Speaking at a finance conference in Pärnu on Thursday, Bank of Estonia Deputy Governor Ülo Kaasik said that 2017 was a good year for the Estonian economy, but long-term success will require companies to invest a lot more money than they are currently investing.
"Companies have been making investments in recent years, but not enough," Kaasik said according to a Bank of Estonia press release. "The lack of investment has been compensated for by increases in the number of employees. This cannot continue for long, as 70 percent of the people of working age in Estonia are already employed, which is one of the highest rates in Europe. If we want to catch up with the wealthier countries, more investments by the private sector will be needed."
According to Kaasik, given the current phase of the economic cycle, it would be reasonable for the government to run a budget surplus and postpone some of its spending. He noted that the construction industry in Estonia is working at full throttle, and the more the government directs its own spending to construction, the less the private sector will be able to make its own investment in the sector.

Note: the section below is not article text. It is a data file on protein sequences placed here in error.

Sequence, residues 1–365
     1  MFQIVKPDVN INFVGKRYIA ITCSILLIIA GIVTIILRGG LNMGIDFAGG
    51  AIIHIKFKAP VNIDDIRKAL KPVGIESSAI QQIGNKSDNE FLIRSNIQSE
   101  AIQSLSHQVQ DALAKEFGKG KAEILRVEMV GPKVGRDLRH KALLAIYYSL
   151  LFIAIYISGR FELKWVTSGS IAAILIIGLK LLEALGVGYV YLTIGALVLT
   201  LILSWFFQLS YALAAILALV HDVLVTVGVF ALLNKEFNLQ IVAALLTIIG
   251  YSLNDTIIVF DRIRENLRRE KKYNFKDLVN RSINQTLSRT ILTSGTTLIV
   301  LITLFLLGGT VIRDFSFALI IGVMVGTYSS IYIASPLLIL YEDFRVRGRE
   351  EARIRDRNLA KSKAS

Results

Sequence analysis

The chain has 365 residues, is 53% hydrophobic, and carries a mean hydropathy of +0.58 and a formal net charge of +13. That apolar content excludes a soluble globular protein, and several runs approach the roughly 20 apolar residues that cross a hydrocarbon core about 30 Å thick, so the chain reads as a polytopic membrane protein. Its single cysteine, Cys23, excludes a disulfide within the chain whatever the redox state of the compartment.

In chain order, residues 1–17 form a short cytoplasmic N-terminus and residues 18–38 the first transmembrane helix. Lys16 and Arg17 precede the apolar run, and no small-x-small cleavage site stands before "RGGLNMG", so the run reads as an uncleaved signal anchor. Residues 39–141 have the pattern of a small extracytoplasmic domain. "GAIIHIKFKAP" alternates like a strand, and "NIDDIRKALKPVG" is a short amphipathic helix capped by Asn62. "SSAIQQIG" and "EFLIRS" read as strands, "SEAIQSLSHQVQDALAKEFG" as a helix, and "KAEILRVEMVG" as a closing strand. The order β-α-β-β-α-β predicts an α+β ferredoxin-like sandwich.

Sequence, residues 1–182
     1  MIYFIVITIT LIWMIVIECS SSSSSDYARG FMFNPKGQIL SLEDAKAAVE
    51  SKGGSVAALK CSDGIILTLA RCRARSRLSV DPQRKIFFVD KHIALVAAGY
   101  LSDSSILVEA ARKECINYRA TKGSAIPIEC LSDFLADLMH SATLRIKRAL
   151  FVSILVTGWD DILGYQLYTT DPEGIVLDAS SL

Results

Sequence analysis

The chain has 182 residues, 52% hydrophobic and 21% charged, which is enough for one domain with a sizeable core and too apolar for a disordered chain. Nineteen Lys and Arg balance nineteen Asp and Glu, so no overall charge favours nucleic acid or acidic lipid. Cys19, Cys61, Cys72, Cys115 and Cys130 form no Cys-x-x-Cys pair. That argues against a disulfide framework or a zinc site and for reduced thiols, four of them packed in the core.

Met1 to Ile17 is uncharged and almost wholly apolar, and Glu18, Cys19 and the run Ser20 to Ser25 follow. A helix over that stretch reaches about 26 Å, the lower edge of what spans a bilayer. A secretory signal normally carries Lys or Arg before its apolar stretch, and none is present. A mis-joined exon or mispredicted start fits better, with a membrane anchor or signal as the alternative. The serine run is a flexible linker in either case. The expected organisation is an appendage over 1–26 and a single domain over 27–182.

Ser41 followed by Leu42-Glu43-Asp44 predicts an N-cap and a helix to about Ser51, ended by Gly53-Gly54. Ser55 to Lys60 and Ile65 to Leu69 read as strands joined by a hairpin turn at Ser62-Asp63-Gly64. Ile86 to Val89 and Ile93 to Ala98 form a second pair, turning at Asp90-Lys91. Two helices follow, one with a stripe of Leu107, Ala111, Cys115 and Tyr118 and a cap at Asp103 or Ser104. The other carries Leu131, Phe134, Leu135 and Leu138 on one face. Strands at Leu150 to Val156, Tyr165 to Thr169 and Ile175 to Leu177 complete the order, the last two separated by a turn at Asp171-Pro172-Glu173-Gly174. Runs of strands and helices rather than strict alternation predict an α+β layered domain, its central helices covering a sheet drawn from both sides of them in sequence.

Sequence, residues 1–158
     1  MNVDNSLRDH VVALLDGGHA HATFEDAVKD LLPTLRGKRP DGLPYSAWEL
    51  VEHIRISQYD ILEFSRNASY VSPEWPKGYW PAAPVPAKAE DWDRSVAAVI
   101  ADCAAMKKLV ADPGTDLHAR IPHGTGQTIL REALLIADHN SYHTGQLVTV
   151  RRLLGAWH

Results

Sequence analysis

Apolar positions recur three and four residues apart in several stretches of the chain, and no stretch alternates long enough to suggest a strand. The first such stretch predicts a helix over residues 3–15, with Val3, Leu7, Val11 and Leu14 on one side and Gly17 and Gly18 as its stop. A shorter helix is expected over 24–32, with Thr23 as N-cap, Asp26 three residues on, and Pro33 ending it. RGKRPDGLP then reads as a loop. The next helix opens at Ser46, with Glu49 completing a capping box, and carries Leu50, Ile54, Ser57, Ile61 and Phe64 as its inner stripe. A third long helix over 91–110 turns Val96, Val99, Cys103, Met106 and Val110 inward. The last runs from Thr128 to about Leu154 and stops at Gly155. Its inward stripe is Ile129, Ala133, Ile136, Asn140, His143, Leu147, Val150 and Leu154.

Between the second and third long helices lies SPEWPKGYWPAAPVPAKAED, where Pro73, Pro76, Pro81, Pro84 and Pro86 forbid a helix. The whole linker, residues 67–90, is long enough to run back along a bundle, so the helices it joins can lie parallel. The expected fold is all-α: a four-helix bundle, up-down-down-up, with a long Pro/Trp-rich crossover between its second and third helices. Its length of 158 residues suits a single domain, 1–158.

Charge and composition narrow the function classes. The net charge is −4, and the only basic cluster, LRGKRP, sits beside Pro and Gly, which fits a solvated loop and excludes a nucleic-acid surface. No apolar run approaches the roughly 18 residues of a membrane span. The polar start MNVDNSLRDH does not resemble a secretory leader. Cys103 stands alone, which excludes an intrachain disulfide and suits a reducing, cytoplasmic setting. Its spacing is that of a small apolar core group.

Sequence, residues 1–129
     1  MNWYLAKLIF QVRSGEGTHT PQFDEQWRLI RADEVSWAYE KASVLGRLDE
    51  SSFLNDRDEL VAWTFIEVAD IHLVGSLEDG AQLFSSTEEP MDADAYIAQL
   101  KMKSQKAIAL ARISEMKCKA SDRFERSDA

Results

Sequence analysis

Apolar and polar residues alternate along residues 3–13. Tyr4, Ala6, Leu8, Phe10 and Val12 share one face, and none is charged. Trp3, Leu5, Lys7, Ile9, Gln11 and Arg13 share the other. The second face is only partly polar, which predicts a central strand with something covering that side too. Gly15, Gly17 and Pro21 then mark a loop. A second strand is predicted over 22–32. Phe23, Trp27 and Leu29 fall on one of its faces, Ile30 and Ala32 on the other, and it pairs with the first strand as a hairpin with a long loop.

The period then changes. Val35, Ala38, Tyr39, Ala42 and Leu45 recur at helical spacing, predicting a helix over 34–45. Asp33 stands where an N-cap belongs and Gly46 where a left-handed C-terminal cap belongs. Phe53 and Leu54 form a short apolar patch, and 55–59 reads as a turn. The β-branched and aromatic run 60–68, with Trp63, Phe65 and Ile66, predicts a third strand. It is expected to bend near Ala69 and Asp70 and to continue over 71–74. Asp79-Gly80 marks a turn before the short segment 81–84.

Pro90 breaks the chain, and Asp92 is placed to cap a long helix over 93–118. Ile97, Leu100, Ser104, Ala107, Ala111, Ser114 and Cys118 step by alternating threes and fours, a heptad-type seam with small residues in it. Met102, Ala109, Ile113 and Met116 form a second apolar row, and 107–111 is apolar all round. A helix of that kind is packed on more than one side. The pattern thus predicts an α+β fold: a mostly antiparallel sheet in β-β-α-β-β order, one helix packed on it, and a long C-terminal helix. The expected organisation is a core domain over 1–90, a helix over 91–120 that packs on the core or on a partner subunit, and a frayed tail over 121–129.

The Estonian economy grew by around five percent last year, and investment contributed to this growth, Estonia's central bank said. General government investment was given a boost by the more efficient use of EU Structural Funds.
The general government invested primarily in buildings and facilities as well as in transport vehicles. Investments by companies benefited from the favorable position of foreign markets and the desire to increase production capacity. Estonian companies invested a smaller share of their value added than average compared to companies across the rest of the euro area. According to the Bank of Estonia, this is not enough if the Estonian economy is to catch up to those of wealthier countries.
Editor: Aili Vahtla